The plangent-voiced Israeli singer-songwriter Geva Alon is now on his fourth album, and continues to build a UK following by sheer stealth. His time might have arrived, in fact: In The Morning Light proffers a failsafe combination of heavyweight alt.folk credentials (production by Thom Monahan, a studio band including Rufus Wainwright bassist Jeff Hill and Vetiver guitarist Daniel Hindman), impeccable musicianship and tasteful songcraft.
The Great Enlightenment, also a single, is a shop window for Alon’s particular strengths: its unforced, yearning drift, allied to swooning, plunging chord progressions, suggests Side One of Meddle as interpreted by Jeff Buckley – or, if you will, side one of Grace performed with Floydian propriety and restraint. Meanwhile, the petulant, clean-toned guitar and minor-chord self-absorption of Valor Girl could even be a less mannered Chris Isaak, while the intensely focused Grey Herons is as begrudgingly anthemic as the best of early Radiohead.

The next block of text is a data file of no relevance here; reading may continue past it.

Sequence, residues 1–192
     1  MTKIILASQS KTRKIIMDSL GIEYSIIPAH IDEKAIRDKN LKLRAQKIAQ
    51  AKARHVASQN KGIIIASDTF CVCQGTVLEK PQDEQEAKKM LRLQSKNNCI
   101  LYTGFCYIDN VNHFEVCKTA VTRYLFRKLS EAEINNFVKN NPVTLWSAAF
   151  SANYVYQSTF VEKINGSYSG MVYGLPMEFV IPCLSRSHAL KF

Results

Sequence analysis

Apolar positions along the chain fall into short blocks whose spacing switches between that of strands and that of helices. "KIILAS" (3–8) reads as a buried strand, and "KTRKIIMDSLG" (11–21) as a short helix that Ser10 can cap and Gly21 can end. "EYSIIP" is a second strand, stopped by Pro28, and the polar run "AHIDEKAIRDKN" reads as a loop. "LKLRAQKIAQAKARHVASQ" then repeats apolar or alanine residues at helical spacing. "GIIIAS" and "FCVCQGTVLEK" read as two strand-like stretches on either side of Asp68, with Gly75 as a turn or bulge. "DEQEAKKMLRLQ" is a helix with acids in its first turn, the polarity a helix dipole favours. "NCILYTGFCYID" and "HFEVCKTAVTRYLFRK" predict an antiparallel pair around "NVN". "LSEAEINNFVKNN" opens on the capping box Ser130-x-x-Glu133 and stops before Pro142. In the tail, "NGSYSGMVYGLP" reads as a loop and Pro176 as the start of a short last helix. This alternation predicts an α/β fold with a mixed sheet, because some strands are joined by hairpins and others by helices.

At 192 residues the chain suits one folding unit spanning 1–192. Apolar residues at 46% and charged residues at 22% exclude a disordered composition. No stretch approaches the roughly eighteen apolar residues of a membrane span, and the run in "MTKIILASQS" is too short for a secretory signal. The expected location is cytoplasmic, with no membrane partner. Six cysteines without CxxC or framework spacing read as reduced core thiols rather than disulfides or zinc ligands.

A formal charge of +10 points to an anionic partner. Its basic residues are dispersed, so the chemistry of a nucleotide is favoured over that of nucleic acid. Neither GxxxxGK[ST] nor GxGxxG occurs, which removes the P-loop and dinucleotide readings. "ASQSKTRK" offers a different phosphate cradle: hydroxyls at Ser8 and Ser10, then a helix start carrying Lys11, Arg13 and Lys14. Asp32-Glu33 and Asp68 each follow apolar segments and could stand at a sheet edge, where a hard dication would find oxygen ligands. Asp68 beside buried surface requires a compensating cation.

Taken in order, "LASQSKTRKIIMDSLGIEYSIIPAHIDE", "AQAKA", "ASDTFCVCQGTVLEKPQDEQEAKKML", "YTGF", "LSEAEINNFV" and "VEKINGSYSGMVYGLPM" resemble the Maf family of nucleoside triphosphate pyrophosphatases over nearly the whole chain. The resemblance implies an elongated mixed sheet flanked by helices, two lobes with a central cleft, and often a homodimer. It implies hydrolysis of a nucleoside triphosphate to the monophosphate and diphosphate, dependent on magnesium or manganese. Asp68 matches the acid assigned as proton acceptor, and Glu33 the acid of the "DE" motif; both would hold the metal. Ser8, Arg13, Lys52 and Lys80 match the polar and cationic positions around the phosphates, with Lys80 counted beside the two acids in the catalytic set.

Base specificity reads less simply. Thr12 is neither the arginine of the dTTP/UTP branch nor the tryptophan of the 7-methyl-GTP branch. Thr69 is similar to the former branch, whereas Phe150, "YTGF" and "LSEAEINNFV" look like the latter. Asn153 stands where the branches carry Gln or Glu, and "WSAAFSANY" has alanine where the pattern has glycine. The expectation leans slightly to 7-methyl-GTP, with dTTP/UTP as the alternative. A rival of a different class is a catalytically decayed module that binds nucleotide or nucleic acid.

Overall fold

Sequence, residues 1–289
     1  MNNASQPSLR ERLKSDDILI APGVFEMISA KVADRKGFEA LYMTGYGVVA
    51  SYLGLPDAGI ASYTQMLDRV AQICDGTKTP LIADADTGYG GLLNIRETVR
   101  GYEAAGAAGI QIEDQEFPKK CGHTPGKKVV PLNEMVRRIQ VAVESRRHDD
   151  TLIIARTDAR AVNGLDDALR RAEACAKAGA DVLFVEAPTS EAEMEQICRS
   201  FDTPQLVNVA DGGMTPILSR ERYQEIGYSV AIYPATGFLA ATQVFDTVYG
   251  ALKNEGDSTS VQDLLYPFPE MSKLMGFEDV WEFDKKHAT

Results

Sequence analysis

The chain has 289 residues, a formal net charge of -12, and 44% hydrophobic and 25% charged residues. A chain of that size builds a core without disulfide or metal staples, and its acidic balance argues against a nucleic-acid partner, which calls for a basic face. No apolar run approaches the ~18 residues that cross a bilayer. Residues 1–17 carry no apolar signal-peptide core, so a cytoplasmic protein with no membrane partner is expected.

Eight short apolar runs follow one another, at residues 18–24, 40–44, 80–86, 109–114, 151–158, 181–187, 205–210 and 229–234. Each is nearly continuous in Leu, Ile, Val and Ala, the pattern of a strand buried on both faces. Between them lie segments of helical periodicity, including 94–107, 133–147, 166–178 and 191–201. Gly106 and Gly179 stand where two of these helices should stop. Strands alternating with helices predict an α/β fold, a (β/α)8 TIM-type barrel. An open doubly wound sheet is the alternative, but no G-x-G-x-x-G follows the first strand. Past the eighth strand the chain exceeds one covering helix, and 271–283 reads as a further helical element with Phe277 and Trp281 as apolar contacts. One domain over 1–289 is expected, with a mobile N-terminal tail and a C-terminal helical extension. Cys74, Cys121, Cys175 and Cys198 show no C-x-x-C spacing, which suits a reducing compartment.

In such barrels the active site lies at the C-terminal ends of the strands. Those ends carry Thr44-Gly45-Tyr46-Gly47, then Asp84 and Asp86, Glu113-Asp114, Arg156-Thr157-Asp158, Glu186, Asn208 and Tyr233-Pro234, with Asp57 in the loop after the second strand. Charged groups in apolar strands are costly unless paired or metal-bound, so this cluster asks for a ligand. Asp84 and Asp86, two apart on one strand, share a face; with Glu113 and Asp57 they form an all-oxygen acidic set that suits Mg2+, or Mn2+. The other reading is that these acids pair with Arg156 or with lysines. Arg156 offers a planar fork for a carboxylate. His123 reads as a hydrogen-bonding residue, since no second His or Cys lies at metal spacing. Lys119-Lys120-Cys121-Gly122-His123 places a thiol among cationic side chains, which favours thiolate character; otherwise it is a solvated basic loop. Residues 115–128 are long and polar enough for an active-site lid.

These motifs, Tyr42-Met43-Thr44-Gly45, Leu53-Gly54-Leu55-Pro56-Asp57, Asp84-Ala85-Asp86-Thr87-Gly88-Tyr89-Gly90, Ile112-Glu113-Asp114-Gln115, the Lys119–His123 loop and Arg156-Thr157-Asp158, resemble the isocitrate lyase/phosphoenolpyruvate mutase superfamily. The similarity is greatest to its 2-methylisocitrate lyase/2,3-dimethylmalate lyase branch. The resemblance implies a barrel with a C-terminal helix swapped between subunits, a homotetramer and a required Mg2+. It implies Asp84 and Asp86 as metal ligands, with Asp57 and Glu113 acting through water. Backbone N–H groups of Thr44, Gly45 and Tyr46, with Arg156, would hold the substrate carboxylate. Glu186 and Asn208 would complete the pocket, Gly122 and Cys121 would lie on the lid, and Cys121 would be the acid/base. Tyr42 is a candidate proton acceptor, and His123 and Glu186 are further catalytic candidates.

I See The Love and Carolina – floppy, melancholy amblers both – make sense of those oft-levelled Neil Young comparisons; the latter even features a compellingly unruly lead guitar outbreak. Again, however, Alon’s snakey chord patterns divert from this well-travelled road. If the likes of Ray LaMontagne can intermittently ensnare hearts worldwide, there’s no reason why Geva Alon shouldn’t also.